The digital economy

The third—and potentially greatest—issue of the international economy is the possible irrelevance of trade policy as we know it to the digitalised economy.

The twenty-first century is a multipolar version of the Westphalian world, as ushered in by the fall of the Berlin Wall. We increasingly live the radical pluralism of an age where citizens and corporations and networks can cooperate, deploy power and sustainably circumvent not necessarily the law, but the institutions of the state. The end of nation-state monopoly is indeed a challenge; but one to which only pessimistic observers have given credence. In this view, the WTO is a hollow institution, replicating only the continued formal activism of, for example, the League of Nations that preceded it, without significantly delaying, its collapse.

Since the 1990s, WTO has attempted to open up to new actors, but always by listening rather than empowering. In this, it has done no worse than most other traditional structures. Co-creation as opposed to consultation has so far been beyond the wit of WTO, for want of any shared model of NGO involvement among the members. In the Internet age, there are glimpses of a successful co-creative game. Take for example the crowd-sourced Icelandic constitution, the participative budget pilots of Paris, or the “Future of Data Forum” that guides government use of Big Data in New Zealand. Multilateral institutions fail to implement similar strategies.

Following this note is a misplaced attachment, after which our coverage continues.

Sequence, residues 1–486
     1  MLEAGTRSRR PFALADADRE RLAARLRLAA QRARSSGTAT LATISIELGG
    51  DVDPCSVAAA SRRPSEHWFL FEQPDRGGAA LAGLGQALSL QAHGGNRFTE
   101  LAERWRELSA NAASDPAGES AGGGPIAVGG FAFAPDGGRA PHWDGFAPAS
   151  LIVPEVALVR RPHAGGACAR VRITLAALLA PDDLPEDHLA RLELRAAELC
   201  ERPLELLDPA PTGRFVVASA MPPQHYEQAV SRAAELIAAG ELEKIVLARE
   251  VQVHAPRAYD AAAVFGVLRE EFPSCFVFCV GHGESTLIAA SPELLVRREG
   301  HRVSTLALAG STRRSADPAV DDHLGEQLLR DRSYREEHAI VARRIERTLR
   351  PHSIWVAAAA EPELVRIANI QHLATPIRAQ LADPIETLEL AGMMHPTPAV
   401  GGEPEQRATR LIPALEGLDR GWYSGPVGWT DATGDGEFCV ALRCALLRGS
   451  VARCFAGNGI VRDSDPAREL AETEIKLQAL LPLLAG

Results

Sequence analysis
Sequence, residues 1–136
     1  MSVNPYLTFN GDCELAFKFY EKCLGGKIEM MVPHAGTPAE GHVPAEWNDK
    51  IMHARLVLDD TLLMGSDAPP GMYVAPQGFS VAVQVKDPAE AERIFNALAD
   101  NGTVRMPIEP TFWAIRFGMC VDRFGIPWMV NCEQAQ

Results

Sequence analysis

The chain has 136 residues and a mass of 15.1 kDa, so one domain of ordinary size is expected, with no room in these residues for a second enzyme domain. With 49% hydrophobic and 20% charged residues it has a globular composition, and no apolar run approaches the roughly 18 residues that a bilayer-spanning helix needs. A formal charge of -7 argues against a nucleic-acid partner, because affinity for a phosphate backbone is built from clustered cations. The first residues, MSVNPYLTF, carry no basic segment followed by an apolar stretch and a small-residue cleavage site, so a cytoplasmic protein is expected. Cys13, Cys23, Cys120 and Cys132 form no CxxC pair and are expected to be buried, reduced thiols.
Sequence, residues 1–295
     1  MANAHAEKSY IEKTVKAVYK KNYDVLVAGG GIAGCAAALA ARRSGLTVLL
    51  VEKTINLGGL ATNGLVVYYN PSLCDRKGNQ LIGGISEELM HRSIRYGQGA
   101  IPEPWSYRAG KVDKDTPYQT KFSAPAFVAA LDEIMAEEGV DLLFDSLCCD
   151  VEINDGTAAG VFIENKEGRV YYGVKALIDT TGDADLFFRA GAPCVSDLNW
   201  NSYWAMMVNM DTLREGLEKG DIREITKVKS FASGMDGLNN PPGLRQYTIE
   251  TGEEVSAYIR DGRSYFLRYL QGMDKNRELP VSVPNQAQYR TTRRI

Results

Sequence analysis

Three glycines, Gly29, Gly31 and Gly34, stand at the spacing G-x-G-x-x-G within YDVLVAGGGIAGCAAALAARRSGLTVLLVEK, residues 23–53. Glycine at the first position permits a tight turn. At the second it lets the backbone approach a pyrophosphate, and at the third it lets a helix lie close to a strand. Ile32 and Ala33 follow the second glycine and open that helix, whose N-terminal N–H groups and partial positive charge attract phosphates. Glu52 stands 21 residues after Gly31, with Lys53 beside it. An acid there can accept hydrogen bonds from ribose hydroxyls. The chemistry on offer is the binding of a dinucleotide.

The need for a new and broader agenda for the liberalisation of trade and investment is more broadly acknowledged.

Ever since the 1940s, The challenge has been to balance core rules and liberalisation on a basis that is effective and visibly sustainable. The theory has always pointed to an agenda wider than the preservation of national control would bear or that the collective governance could manage.